Some know her as a writer, the author of over 40 books. Others know her as a missionary to India, one of the most famous people influenced by the great Hudson Taylor. In her day, hundreds of orphans in India knew her as "Amma," their word for "Mother."
Amy Carmichael was born on December 16, 1867 in County Down, Ireland. She was the oldest of seven children born to a miller named David and his wife Catherine, both devout Presbyterians. David moved the family to Belfast when Amy was sixteen, but it was not two years later that David fell sick and died. At 17 years old, young Amy Carmichael quickly learned the responsibility of providing for many.
Even from a young age, Amy had a desire to spend her life investing in the kingdom. Elisabeth Elliot tells a story of an event that changed Amy as a child. She writes,
"Once back in Ireland, as Amy and her family were returning from church they chanced upon an old woman carrying a heavy bundle of rags. Amy and her brothers took the bundle and helped the old woman to her destination. To Amy, this act of sacrifice and kindness was "hated." As they turned and walked along, they passed by the other Churchgoers and worried what these "respectable people" would think. Before bringing the woman to her destination Amy and her brothers passed by an elaborate Victorian fountain. A voice impressed upon Amy's heart the words from 1 Corinthians 3:12-14: "Gold, silver, precious stones, wood, hay, stubble. If any man's work abide...." That afternoon Amy sought God privately in her room anguishing over the idea of what would last in eternity from her own life. The lessons of obedience and sacrifice from that day would echo through the rest of her life."
While attending the Keswick Convention in 1887, Amy heard Hudson Taylor, founder of China Inland Mission, speak about the life of a missionary. It was here that Amy became convinced that God was calling her to give her life as a missionary. She immediately applied to China Inland Mission, but was turned away. She was not turned away because she was incapable of serving in China. She wasn't turned away for moral issues or because she needed more study and preparation. She was turned away because she suffered from neuralgia.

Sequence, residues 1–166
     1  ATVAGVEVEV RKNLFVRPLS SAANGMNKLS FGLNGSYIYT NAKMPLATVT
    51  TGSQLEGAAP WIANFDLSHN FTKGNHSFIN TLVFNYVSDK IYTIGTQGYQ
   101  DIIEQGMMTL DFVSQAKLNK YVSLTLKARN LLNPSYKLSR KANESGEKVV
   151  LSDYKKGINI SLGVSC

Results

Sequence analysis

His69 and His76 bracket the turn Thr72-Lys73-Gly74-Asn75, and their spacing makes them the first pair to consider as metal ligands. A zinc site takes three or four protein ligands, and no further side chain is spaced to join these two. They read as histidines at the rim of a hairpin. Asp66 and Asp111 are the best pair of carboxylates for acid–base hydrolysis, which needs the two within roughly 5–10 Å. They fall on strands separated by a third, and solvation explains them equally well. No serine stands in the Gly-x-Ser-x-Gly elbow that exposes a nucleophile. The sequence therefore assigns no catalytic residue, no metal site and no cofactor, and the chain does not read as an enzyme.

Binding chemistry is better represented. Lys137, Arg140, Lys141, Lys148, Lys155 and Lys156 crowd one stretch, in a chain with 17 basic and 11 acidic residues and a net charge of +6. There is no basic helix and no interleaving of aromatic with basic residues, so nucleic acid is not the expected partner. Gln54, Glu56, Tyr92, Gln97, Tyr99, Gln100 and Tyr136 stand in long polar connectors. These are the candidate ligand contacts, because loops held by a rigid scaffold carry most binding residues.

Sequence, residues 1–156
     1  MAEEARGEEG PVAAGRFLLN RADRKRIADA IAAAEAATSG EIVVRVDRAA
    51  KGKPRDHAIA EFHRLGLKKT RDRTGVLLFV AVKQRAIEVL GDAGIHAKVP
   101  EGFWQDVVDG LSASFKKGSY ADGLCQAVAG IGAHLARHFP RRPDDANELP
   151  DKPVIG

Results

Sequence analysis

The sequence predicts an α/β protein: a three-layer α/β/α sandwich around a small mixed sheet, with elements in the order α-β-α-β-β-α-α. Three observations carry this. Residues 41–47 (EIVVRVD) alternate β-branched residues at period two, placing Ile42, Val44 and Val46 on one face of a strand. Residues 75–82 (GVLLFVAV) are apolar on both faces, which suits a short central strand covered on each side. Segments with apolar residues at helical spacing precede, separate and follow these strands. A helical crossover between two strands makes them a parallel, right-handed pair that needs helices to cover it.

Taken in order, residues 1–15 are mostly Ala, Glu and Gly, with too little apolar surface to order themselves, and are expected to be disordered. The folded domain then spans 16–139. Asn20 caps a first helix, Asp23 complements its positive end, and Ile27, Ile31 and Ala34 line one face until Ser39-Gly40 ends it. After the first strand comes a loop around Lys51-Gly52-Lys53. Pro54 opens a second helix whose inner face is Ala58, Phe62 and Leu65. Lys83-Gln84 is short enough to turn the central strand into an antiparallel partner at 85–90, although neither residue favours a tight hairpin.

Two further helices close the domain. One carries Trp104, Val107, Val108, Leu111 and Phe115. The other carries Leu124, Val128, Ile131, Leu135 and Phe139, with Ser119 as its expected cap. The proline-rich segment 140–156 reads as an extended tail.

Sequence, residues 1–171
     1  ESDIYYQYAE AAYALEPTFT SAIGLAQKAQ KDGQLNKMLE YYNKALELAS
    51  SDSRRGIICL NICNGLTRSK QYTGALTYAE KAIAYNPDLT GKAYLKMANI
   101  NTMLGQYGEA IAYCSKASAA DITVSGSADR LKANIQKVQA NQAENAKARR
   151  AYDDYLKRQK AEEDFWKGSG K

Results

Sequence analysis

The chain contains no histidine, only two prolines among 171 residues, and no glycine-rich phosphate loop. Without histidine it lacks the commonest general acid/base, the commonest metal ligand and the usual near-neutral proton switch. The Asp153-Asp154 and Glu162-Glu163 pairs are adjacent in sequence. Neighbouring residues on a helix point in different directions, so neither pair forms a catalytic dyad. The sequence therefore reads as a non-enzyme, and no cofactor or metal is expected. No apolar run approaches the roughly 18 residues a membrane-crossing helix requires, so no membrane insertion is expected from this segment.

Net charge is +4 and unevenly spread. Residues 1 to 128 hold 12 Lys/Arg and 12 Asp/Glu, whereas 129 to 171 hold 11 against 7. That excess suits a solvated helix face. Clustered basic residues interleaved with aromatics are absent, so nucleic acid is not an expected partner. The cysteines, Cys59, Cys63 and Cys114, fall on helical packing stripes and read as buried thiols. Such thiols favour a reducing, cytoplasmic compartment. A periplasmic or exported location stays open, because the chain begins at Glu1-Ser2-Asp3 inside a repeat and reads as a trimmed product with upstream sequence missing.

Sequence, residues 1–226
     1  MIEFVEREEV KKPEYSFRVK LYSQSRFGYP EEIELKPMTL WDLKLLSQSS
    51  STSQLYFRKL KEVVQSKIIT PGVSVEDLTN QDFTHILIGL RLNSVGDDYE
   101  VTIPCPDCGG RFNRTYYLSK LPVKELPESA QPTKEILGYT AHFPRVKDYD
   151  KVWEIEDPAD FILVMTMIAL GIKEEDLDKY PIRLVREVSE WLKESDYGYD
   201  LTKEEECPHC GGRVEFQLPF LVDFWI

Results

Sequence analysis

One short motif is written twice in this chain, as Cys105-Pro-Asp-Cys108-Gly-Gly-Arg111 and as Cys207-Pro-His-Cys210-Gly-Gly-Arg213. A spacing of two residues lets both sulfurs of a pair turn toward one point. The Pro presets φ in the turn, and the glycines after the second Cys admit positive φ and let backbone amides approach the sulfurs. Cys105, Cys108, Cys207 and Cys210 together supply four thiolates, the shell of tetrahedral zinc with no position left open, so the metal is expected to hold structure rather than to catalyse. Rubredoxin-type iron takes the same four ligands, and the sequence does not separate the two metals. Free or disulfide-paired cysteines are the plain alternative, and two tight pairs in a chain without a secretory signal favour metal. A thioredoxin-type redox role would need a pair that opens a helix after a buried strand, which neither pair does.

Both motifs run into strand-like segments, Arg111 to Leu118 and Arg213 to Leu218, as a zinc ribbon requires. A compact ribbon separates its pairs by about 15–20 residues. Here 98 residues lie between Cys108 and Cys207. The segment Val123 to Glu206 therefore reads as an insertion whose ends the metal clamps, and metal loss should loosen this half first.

Most of you reading this likely have no idea what neuralgia is. I didn't either. Neuralgia is a disease of the nerves, often making the whole body weak and achy. It often put her in bed for weeks at a time, and Amy suffered from it her entire life. If ever there was a person who had a reason to not sacrifice for others, it was this woman.
“Can we follow the Savior far, who have no wound or scar?”
Amy, however, persevered. She joined another missionary group and moved to Japan. During her time there, she had two words written on her wall:
After 15 months, she fell ill and was forced to move back home to Ireland. And after serving in Ceylon (Sri Lanka) for a brief time, she went to Bangalore, India and found her lifelong vocation.
Upon arriving in India, Amy dove headlong into reaching the people there. She adopted their customs, she dressed in their garb, she even colored her skin to eliminate any possible barrier with those to whom she spoke. As a child, Amy had been dismayed that God had given her brown eyes instead of blue. Now, she realized that her brown eyes were a gift, as she was able to fit into the Indian culture.
“He said “Love…as I have loved you.” We cannot love too much."
While serving as an itinerant evangelist, Amy discovered the evils of the Hindu temples where little girls and boys were used in unspeakably wicked ways. At this time in India, orphaned children were often enslaved as servants in the Temples. This custom often forced the children into prostitution and other unspeakable horrors. Furthermore, the adults in the country had one of two responses: They didn't see or they didn't care.